Like Jared, I think it’s evident that David Barton struggles to understand what historians do and how we do it. That’s especially true whenever he gets to the intersection between faith and learning. Consider his recent mini-tirade against John Fea:
He [Fea] said the founding fathers didn’t want ministers–the founding fathers were ministers in office [sic]. So they’re doing this to keep secularizing history and to keep Christians from being involved. So we will call out Fea, we will call out all these other profs who are doing the same thing….
People say “why do Christian profs do that?” Well, Luke 6:40 [says] “Every student when he is fully trained will be like his teacher.” These guys were all taught by Ph.Ds from Harvard and Yale and all these other secular schools, so they’re just like ’em now. They may be Christian. They may have their fire insurance. But they don’t think right. So that’s what we try to do.
Now, let’s first recognize that Barton is cherry-picking one verse out of a longer passage that is more than a little pertinent here:
[Jesus said] “Do not judge, and you will not be judged; do not condemn, and you will not be condemned. Forgive, and you will be forgiven; give, and it will be given to you. A good measure, pressed down, shaken together, running over, will be put into your lap; for the measure you give will be the measure you get back.”
He also told them a parable: “Can a blind person guide a blind person? Will not both fall into a pit? A disciple is not above the teacher, but everyone who is fully qualified will be like the teacher. Why do you see the speck in your neighbor’s eye, but do not notice the log in your own eye? Or how can you say to your neighbor, ‘Friend, let me take out the speck in your eye,’ when you yourself do not see the log in your own eye? You hypocrite, first take the log out of your own eye, and then you will see clearly to take the speck out of your neighbor’s eye. (Luke 6:37-42)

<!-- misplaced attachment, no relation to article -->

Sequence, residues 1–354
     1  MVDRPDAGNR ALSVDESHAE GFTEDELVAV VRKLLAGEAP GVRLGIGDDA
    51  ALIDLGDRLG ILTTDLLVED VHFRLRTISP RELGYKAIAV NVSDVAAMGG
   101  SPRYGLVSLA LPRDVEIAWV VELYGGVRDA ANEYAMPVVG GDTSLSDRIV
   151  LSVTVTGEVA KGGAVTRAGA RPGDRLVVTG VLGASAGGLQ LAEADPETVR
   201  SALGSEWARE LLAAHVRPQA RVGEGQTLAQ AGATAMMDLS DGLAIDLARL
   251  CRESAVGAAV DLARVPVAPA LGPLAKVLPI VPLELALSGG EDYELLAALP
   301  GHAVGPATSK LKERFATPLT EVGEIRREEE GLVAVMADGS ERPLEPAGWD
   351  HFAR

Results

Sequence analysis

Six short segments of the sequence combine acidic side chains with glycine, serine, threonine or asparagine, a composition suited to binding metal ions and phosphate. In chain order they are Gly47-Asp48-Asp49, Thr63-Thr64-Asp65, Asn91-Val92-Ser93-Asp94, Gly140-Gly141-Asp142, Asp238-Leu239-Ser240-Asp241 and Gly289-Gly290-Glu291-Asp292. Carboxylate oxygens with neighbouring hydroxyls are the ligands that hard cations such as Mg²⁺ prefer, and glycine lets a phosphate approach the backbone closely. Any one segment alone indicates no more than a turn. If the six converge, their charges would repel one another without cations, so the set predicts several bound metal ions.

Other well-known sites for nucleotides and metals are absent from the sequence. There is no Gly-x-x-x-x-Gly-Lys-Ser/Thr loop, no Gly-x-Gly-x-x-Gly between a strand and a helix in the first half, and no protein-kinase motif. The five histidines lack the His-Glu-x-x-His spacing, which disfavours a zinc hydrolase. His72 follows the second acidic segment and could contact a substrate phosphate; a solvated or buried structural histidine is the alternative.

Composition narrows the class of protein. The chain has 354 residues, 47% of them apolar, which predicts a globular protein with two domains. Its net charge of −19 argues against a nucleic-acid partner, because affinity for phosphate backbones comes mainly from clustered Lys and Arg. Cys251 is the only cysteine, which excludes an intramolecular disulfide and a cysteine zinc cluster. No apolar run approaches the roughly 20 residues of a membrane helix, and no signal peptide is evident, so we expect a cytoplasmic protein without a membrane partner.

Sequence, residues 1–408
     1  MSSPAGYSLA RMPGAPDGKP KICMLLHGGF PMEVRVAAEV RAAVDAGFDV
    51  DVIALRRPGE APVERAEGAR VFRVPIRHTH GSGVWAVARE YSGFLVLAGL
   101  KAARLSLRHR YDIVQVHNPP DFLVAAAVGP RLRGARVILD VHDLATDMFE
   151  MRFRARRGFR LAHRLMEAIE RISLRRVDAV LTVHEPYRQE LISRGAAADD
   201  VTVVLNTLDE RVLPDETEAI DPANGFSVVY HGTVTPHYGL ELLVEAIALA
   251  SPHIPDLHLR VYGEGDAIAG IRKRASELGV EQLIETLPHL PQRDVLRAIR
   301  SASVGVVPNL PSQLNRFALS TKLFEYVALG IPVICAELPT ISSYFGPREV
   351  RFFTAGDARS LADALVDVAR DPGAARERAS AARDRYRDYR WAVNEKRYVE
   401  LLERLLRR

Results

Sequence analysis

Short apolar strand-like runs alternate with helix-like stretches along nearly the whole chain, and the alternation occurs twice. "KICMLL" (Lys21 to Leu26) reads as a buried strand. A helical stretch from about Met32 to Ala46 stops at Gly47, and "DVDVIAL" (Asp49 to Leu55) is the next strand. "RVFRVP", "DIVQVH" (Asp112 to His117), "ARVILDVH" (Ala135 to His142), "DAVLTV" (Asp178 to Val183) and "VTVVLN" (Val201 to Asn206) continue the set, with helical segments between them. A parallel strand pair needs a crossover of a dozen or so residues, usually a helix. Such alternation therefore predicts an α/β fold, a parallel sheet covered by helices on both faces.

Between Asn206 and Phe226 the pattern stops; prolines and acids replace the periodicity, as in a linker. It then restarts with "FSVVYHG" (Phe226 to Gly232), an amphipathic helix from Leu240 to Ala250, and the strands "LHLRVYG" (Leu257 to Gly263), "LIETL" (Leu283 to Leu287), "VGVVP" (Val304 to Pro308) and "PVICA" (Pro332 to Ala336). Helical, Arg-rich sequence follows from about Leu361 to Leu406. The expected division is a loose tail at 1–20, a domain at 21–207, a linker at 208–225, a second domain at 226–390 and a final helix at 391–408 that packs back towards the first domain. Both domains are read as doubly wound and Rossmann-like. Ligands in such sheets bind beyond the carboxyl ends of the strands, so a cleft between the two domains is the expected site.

But in the spirit of seeing logs instead of specks… I want to take seriously Barton’s critique of Christian professors like John, Jared, and myself. Are we “just like” the Ivy League-trained scholars who trained us? Have we become Christians who “don’t think right”?
Though only a couple of the historians who trained me had been educated at Harvard and Yale, I’m probably even more guilty in Barton’s eyes: I received my master’s degrees and doctorate from Yale.
It was twenty years ago that I started that phase of my education, so it’s worth reflecting on how that experience shaped me. And I can’t dismiss Barton out of hand, for there is much about graduate schooling that is formative.
Grad schools don’t tend to make the same kinds of promises (“Transformational! Whole-person!”) as the Christian liberal arts colleges where John, Jared, and I work. But they do far more than deepen the knowledge, sharpen the skills, and expand the networks of their students. Graduate programs shape beliefs, values, and virtues (and vices).